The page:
Photographer Brett Weston (1911-1993) is celebrated as one of the great mid-century American photographers, known for his distinctive approach to a wide range of subjects, including cityscapes, landscapes, and abstractions. Weston’s father, the influential photographer Edward Weston, taught him how to use a large-format camera when he was a teenager in 1925. Within a few months, Edward said that Brett was “doing better work at fourteen than I did at thirty.” In 1929, the German exhibition Film und Foto, a paramount avant-garde exhibition held between the two World Wars, featured a group of photographs by the young artist, bringing him international recognition.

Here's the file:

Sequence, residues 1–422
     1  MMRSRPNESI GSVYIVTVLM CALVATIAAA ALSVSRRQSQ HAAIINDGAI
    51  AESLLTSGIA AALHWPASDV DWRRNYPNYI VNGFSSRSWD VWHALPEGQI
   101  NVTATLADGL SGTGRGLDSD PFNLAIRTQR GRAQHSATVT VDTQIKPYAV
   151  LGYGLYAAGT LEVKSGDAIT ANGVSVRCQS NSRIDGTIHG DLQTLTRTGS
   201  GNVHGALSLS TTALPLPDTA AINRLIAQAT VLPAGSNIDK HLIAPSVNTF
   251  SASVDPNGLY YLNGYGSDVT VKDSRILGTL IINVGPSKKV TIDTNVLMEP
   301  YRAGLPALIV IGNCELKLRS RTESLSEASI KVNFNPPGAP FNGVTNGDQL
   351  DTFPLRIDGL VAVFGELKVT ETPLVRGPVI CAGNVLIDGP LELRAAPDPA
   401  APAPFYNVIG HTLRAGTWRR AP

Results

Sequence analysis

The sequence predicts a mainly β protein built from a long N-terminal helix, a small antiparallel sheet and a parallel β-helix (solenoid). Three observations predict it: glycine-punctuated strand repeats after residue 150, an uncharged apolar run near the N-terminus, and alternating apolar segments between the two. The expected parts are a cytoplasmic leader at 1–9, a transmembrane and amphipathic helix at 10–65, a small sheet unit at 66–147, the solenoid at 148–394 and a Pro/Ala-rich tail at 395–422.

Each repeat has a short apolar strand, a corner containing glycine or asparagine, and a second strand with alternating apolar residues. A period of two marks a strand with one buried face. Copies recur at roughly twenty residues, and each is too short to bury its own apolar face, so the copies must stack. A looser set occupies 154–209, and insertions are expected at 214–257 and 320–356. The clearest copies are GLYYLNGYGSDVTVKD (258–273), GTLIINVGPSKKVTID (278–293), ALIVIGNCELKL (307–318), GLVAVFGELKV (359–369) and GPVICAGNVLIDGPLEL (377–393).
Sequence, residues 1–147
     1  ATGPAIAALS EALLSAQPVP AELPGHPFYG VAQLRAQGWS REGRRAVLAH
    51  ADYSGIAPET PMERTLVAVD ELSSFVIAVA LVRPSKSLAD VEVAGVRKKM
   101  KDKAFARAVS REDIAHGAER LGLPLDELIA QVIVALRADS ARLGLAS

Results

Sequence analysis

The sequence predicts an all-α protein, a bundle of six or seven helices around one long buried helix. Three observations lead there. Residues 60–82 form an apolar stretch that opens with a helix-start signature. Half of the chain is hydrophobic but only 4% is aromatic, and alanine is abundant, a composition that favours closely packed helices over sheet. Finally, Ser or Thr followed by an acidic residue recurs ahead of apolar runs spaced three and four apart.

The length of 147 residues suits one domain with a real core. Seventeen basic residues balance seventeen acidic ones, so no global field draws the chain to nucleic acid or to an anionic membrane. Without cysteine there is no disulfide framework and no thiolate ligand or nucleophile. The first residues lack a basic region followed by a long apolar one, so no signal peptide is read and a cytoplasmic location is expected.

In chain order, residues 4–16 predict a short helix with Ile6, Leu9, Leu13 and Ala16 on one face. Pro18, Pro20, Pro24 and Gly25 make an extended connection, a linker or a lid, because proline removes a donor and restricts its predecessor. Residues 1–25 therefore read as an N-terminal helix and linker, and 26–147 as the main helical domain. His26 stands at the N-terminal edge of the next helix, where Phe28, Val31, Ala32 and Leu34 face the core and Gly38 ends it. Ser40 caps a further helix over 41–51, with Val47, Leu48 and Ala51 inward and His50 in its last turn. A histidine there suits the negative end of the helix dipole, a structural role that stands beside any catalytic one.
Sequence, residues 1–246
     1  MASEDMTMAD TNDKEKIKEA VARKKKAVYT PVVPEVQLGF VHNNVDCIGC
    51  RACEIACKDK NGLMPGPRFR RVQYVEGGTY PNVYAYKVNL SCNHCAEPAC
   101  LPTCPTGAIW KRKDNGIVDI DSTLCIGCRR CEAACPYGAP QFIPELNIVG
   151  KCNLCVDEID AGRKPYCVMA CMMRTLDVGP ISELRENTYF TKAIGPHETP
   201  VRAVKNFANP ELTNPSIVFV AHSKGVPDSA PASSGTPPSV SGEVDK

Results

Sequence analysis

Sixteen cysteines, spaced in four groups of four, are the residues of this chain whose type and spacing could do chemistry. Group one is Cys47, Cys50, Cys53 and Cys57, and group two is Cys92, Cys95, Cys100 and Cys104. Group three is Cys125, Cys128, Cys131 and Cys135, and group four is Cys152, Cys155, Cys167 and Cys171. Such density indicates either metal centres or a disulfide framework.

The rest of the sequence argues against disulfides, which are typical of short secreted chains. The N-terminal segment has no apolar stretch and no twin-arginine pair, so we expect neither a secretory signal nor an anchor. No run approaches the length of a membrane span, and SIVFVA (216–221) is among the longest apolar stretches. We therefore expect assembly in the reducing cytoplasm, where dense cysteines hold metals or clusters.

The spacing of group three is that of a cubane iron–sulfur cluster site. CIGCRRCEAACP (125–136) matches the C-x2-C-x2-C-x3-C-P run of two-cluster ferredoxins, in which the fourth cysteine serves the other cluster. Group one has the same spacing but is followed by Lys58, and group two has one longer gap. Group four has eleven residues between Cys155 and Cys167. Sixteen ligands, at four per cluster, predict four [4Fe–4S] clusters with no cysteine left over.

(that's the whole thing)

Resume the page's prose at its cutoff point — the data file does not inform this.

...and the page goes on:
Much of Weston’s early work focused on urban spaces in New York and San Francisco. Even amidst the man-made structures of New York City, however, trees and other vegetation feature prominently. Later in his career, Weston would turn more explicitly to nature, photographing scenery close to his home near Carmel, California, and during his travels across the United States, Japan, Mexico, and Europe. He concentrated on elemental forms found in nature, removed from their larger contexts to create abstract images of astounding beauty and mystery.